UCA News
William Grimm, a native of New York City, is a missioner and presbyter who since 1973 has served in Japan, Hong Kong and Cambodia.
Yasukuni Shrine Visits, A Catholic Dilemma
Published: November 13, 2005 01:05 PM
Yasukuni Shrine Visits, A Catholic Dilemma

Yasukuni Shrine. (Photo: wikipedia)

The fifth annual visit of Prime Minister Koizumi Junichiro to the Yasukuni Shrine that honors Japanese military personnel who died in uniform since the 1870s has produced the fifth annual protests from China and Korea.

The visits do not generate much excitement here in Japan since, for the most part, there is not much interest in Yasukuni or other issues related to it. After all, most Japanese were born after World War II ended. The Japanese empire and its sins are as remote from them as the invention of the telephone in 1876 was remote from people who lived under that empire.

The number of Japanese passionately interested in "protecting" Japan´s colonial and imperial image is declining rapidly as the country´s long-lived elderly die off. Their influence will probably disappear in the next decade or so. Those who oppose visits are also decreasing as anti-everything holdouts from the 1960s mellow. The majority does not care. This is not apathy; it is a normal lack of interest in the "once upon a time."

I am among those who think the annual uproar from China and, decreasingly, South Korea is related to the interests of the governments in those countries. Rousing people to manufactured indignation over what the Japanese did three generations ago is a handy way to distract citizens from developing or expressing indignation over what their own governments may be doing today. The decline in anti-Japanese activity in South Korea as that country has democratized illustrates the point.

And yet, the Yasukuni Shrine does provoke strong emotions among the generation of Japanese who lived through the imperial period. A large number of them look on the shrine not as a place that honors 14 class-A war criminals but as the place where their dead fathers, brothers, sons, husbands and friends are remembered. For them, questions of colonialism, war guilt and politics are irrelevant.

For others of that generation, Yasukuni is a reminder of the militarism and injustice that victimized the Japanese as well as others. They oppose visits to the shrine by political figures. Frequently, they advocate building another memorial to commemorate all victims of Japan´s Asian wars, civilian as well as military, foreign as well as Japanese.

Those who oppose Yasukuni tend to be most vocal about it. Sometimes, they provoke a response from the small number of diehards who would glorify Japan´s imperial past, which Yasukuni´s museum and overall ethos certainly do. The majority stays out of the fray.

The issue can be divisive even among some Catholics who lived through the war period.

Following the August commemoration of the 60th anniversary of Japan´s defeat, the letters column of Katorikku Shimbun, Japan´s Catholic weekly, has carried many letters pro and con about the visits to the shrine and the somewhat related issue of amending the Constitution to regularize the situation of Japan´s military. Some people go beyond excusing Koizumi´s visit and even advocate such visits to the Shinto shrine by Catholics.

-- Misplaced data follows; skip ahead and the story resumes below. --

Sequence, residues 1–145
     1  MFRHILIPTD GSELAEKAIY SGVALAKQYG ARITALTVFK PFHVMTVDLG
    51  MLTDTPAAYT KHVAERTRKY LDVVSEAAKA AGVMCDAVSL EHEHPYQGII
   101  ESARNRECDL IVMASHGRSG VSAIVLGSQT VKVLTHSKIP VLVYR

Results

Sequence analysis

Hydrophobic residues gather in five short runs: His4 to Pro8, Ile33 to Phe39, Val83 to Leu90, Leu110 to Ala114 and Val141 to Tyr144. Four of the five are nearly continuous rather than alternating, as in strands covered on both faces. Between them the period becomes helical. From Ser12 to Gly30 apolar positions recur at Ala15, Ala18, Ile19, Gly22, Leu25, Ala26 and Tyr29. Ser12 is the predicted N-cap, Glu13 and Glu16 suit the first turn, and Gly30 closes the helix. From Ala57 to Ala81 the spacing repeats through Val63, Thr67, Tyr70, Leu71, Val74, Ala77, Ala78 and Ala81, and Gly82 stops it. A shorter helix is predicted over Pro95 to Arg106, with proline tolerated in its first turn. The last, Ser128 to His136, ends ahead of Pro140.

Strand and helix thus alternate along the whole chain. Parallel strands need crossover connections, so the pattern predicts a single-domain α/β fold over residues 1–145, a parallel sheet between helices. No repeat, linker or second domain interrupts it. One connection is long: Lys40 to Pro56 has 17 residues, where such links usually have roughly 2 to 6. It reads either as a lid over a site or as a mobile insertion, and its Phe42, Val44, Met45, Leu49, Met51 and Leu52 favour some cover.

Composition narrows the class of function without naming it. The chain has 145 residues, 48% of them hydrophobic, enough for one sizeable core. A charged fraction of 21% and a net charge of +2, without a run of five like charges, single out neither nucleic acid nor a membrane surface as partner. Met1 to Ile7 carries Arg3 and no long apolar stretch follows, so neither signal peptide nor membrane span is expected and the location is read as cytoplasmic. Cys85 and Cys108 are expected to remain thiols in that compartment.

After Koizumi visited the shrine on Oct. 17, Japan´s bishops issued a protest. However, their statement is unlikely to end the controversy among older members of the Church. Ironically, Catholics who favor not only politicians´ visits to the shrine but even encourage Catholics to visit despite what the bishops say can claim to have an ally. The Vatican.

In the 1930s, at a time when militarists had taken control of the Japanese government and society, Catholics in Japan faced a problem. Children had to go to Shinto shrines as part of their school activities. In September 1932, Archbishop Jean-Baptiste-Alexis Chambon of Tokyo asked the Ministry of Education to clarify whether or not such visits were religious. A week after the archbishop sent his letter, a response came saying such visits were a manifestation of patriotism and loyalty, not a religious activity.

Based on that, Cardinal Pietro Fumasoni Biondi, prefect of "Propaganda" (now the Congregation for the Evangelization of Peoples) in Rome, sent word to Japan in May 1936 indicating that since visits to Shinto shrines were not religious activities, Catholics were allowed to make such visits.

After Japan´s defeat in 1945, the U.S. occupation authorities ordered the denationalization of Shinto shrines, including Yasukuni. Thereafter, they were to be religious entities. At the first post-war gathering of Japan´s bishops in May 1946, the bishops decreed that Catholics henceforth were not allowed to go to shrines in either a private or a public capacity.

That probably would have put the issue to rest except for a 1951 declaration from the Vatican stating that the 1936 decision was still in effect. It may be significant that this statement was signed by Cardinal Fumasoni Biondi, who had signed the 1936 one. Might a reluctance to admit having made a mistake 15 years earlier have caused him to reaffirm the earlier position?

In any case, the last word from the Vatican is the cardinal´s reiteration of permission for Catholics to go to Yasukuni and take part in its rituals. There is now a move afoot to have the bishops of Japan look at the issue and make some sort of statement on the issue.

If that happens, though politicians will continue to visit the shrine as long as its supporters remain party contributors and voters, Catholics at least would have a clear teaching from their bishops to follow or ignore.

* The views expressed in this article are those of the author and do not necessarily reflect the official editorial position of UCA News.

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